Scallan, Elaine, et al. “Foodborne Illness Acquired in the United States—Major Pathogens” Emerg Infect Dis, Vol. 17, No. 1, 2011. doi:10.3201/eid1701.P11101

BC grocery cashier has hepatitis A (and may have handled some produce)

Nanaimo isn’t just known for its bars anymore (the holiday dessert kind, below exactly as shown).

A cashier at a Nanaimo, British Columbia (that’s in Canada) Superstore has been diagnosed with hepatitis A and according to CTV, may have exposed hundreds of shoppers to the virus. Folks who shopped at the store and used the cashiers for check out specific read-to-eat foods that might have been touched with bare hands are urged to attend a clinic for a shot.Nanaimo-Bars-570x380

Did you consume raw produce or unwrapped food during these following dates and times and go through a cashier? (Not self-checkout):

- February 25 late afternoon and evening
- February 26 afternoon and evening
- February 27 late afternoon and evening
- March 1 all day
- March 4 evening

There will be a drop-in clinic tomorrow, Saturday March 7 from 10am to 3pm at the Beban Park Social Centre on 2300 Bowen Rd.  Dates and times for additional clinics have not yet been set but you can follow online for the latest details.

This warning does not apply to products from any Superstore other than the one at 6435 Metral Drive.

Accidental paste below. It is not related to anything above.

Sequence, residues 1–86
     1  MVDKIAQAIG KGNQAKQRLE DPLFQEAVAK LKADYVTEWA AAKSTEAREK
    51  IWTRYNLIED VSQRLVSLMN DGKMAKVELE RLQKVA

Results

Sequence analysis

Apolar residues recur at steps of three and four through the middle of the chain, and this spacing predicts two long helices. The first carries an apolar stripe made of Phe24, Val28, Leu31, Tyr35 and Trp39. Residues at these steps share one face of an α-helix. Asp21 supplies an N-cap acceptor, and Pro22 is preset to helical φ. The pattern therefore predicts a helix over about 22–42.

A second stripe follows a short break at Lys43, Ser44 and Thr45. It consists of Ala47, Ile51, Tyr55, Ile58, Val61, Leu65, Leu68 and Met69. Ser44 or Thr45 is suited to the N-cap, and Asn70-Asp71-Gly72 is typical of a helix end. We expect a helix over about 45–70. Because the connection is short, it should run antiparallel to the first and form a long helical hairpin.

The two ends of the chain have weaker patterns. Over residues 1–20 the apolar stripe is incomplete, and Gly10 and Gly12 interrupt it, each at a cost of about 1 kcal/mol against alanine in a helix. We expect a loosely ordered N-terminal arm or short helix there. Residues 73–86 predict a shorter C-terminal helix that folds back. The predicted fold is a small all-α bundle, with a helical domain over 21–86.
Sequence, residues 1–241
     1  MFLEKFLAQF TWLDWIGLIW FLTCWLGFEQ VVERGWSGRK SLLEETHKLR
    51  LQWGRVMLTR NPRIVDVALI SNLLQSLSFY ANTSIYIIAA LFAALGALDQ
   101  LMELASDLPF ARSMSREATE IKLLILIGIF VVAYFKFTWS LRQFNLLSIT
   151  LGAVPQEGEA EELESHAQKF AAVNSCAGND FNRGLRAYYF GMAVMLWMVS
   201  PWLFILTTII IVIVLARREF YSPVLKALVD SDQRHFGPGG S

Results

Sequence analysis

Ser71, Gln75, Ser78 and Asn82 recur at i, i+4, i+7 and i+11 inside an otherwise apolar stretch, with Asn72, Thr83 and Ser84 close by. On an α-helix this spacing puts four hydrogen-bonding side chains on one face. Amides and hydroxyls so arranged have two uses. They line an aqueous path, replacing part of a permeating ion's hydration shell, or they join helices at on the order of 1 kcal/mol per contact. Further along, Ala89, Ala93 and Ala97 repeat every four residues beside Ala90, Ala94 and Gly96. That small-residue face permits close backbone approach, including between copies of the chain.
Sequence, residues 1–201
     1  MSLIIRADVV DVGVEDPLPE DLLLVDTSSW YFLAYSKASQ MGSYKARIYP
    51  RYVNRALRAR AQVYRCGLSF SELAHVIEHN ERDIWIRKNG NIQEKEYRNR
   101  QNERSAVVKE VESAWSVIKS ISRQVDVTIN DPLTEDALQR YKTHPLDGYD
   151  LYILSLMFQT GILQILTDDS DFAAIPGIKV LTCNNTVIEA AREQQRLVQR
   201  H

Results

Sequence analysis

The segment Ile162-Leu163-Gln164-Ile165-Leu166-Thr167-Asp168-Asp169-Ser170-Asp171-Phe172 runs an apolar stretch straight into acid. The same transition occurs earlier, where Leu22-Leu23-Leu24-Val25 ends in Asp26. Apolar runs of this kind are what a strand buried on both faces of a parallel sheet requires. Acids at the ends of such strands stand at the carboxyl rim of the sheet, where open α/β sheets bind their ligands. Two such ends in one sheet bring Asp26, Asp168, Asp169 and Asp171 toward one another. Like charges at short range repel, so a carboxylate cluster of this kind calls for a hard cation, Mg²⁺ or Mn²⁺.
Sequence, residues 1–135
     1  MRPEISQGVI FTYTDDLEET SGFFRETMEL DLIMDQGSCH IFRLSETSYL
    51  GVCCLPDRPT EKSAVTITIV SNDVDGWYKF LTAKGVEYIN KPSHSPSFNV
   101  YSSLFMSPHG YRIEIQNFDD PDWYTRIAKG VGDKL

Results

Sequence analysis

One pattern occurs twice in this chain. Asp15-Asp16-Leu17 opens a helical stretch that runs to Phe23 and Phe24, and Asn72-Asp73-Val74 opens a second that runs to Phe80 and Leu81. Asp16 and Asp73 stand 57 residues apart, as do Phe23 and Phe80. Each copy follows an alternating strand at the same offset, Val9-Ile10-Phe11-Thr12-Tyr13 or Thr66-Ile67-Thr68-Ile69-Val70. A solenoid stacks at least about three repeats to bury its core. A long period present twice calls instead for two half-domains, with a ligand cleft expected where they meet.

Being specific with the messages about unwrapped foods and produce is a good move. Having handwashing tools close by a cashier is a good idea too.

Food Safety Talk 73: I Wish They’d Wash Their Hands More

Food Safety Talk, a bi-weekly podcast for food safety nerds, by food safety nerds. The podcast is hosted by Ben Chapman and barfblog contributor Don Schaffner, Extension Specialist in Food Science and Professor at Rutgers University. Every two weeks or so, Ben and Don get together virtually and talk for about an hour.  They talk about what’s on their minds or in the news regarding food safety, and popular culture. They strive to be relevant, funny and informative — sometimes they succeed. You can download the audio recordings right from the website, or subscribe using iTunes.Handwashing-Words-In-Shape-Of-Hand

This show starts with Don and Ben talking about the number-six item on their list of things to discuss for the episode:  Yosemite and how beautiful it is; Ben rates it at three thermometers, a rating system they invented.  Ben’s favorite thermometer is the Comark PDT300, even though someone sent him a ThermoWorks Thermapen which is Don’s favorite. Ben’s hockey team has been using thermometers when the grill sausages, this is what Ben’s contribution to the grill-outs.  Ben gets chirped for being the guy who brings the thermometer to the hockey grill. Ben is now supplying thermometers to other hockey guys.

Don talks about his lunch date with a podcast celebrity from the 5by5 network. Don tells the whole story about flying business class from Brazil to Texas then while in Texas, buying comic books and having lunch with Dan Benjamin.  Dan asked Don lots of food safety questions; they didn’t talk much about 5by5.  After this, Don attended the NoroCORE Food Virology meeting with Ben (the guys talked in real life, not just over Skype).